Armenia-Azerbaijan clashes: US, others must intervene as conflict escalates, experts say

With Russia and Turkey backing different sides, escalating tensions could have broad implications for the U.S. and NATO

It has mostly fallen into the lapse of being a frozen, forgotten fight, but the long-simmering tensions between Armenia and Azerbaijan reached new heights on Sunday – threatening serious implications for NATO and the looming possibility of an all-out war.

The most vitriolic clashes since 2016 erupted in the mountainous, thickly foliaged Nagorno-Karabakh terrain in the South Caucasus – a landlocked region not only defined by decades of tensions between the two countries but also a pivotal ingress for oil pipelines exporting to the globe.

"The resumption of fighting across the Azeri-Armenian border comes at a fragile, fraught time for the region and the world. There is a very real possibility that this crisis could drag in larger countries, either as part of a proxy war or potentially in a direct confrontation," Brett Bruen, a former White House director of global engagements, told Fox News. "Each side accuses the other of starting this latest round of hostilities. Yet, neither seems to be doing much to end the conflict."

The Nagorno-Karabakh has been a source for skirmishes since the 1994 ceasefire between the two former Soviet nations. The terrain technically rests in Azerbaijan, as per international law, but it is generally defined as being controlled and populated by the ethnic Armenians -- with Armenia's support to run its affairs independently from Baku, the Azerbaijan capital, since the Soviet Union fell almost three decades ago.

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The prized parcel – rich in minerals, mulberry groves and alpine meadows – is a point of patriotic pride for both the Muslim majority Azerbaijan and Christian-dominant Armenia.

Azerbaijani Ambassador to the U.S. Elin Suleymanov speaks during a meeting with other Ambassadors and officials on the Baku-Tblisi-Kars Railway Project hosted by BP in Washington on Nov. 14, 2017. (Samuel Corum/Anadolu Agency/Getty Images)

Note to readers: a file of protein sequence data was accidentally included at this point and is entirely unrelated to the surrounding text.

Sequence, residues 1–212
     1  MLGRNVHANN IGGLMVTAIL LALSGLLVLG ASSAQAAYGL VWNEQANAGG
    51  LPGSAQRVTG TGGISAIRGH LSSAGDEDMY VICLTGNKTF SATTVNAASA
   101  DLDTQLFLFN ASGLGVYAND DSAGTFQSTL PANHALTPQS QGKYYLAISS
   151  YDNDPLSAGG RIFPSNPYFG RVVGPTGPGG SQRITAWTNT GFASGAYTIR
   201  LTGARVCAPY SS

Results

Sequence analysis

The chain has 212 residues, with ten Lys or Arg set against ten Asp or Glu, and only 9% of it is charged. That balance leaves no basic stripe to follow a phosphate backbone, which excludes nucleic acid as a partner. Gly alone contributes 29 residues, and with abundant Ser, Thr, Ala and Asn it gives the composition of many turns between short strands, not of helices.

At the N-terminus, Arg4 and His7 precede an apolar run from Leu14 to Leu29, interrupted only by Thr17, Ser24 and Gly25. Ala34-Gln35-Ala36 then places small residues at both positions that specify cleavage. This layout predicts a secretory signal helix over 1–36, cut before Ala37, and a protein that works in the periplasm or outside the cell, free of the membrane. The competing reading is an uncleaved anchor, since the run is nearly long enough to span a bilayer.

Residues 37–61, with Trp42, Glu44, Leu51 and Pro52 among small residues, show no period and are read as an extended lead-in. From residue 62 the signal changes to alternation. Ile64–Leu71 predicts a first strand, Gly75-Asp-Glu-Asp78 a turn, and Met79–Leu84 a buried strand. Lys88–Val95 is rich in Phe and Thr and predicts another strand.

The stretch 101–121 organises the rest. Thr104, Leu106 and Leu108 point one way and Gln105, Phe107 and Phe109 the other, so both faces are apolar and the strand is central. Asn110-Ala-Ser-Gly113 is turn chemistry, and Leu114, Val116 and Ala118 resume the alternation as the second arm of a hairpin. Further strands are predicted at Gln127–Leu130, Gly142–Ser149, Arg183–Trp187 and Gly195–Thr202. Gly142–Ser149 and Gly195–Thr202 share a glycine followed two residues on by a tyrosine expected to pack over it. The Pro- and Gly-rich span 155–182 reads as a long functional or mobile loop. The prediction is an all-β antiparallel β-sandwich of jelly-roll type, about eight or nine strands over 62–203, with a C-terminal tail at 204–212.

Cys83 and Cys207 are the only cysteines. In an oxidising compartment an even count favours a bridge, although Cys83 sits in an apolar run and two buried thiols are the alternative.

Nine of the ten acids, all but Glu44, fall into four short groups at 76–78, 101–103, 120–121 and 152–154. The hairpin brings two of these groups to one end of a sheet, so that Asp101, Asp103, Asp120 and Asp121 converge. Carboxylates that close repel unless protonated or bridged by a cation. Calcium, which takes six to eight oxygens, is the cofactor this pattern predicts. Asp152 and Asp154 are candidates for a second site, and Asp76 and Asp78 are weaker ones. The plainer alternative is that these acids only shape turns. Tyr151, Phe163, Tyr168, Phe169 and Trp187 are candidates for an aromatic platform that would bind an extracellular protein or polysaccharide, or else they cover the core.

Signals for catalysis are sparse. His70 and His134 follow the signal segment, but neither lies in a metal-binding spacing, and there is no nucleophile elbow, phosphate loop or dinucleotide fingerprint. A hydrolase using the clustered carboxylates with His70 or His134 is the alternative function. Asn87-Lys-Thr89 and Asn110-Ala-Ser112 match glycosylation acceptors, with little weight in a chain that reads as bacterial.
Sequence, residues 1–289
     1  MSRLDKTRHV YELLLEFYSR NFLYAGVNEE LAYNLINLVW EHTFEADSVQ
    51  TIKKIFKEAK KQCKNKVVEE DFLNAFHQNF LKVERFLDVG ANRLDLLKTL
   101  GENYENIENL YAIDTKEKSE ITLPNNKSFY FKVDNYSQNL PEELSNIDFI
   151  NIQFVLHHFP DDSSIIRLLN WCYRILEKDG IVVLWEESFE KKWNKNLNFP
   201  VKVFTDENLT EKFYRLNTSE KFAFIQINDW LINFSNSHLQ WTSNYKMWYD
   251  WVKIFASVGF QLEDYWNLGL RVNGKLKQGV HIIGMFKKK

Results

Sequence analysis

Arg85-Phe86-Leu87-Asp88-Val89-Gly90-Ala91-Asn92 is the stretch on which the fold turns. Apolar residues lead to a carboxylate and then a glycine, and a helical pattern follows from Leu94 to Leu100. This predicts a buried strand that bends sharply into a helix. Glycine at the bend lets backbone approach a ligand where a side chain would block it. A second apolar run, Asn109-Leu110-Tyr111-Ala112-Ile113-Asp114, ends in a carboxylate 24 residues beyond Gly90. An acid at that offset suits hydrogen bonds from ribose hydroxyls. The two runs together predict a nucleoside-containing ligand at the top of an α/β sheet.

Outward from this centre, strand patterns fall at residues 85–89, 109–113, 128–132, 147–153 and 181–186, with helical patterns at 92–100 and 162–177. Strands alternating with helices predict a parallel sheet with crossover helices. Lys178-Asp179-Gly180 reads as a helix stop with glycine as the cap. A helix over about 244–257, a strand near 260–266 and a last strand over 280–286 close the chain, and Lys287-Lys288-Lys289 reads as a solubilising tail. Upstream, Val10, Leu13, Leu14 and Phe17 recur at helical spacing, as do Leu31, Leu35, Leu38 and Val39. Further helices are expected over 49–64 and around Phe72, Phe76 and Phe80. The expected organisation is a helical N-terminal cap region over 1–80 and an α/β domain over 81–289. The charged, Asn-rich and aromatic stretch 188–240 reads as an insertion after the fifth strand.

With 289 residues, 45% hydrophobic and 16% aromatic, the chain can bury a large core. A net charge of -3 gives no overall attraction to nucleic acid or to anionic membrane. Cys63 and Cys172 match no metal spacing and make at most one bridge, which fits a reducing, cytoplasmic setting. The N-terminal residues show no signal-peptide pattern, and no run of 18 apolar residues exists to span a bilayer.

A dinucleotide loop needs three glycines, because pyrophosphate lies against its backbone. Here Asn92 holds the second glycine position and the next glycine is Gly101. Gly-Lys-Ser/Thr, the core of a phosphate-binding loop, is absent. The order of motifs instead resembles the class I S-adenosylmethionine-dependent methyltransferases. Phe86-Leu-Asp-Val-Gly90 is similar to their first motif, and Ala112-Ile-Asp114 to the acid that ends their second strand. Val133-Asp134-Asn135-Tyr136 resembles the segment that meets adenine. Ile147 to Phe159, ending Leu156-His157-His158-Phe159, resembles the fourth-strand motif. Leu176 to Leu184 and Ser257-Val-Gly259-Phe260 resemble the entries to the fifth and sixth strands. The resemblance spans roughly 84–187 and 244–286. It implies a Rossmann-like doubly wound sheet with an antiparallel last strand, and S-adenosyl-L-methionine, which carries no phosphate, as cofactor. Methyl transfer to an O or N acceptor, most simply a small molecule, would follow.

Azerbaijani Ambassador to the U.S. Elin Suleymanov speaks during a meeting with other Ambassadors and officials on the Baku-Tblisi-Kars Railway Project hosted by BP in Washington on Nov. 14, 2017. (Samuel Corum/Anadolu Agency/Getty Images)

However, Azerbaijan's ambassador to Washington, Elin Suleymanov, told Fox News on Monday morning that the spike in violence should come as no surprise.

"It is obvious that the status quo is unsustainable, this (escalation) was not unpredictable, nor a one-time event," he said, claiming Armenian officials have rejected their repeated offers for substantial negotiations. "They have basically said, this is what it is. We have occupied. But this isn't disputed territory – this is, by the law, part of Azerbaijan."

Azerbaijan claims that its neighbor provoked it with a steady accession of aggression since July, launching "crossfire attacks" that put civilians in harm's way.

In an interview with Fox News on Monday afternoon, Armenian Ambassador to Washington – Varuzhan Nersesyan – denied Azerbaijan’s claims of provocation and said that the acceleration stemmed from a “continuation of Azerbaijan’s policies to threatening to resolve (the issue) militarily.”

“They are trying to put the blame on Armenia, and ‘settle the score,’” he said, stressing that the difference now is that they also have to contend to Turkey’s increased military footprint in the region against them.

Nersesyan also highlighted that they are resolved to a peaceful resolution – when Baku “stops the violence” – and called for a deeper U.S. engagement to aid in mediating three-way talks that not only include Azerbaijan and Armenia but the embattled region too.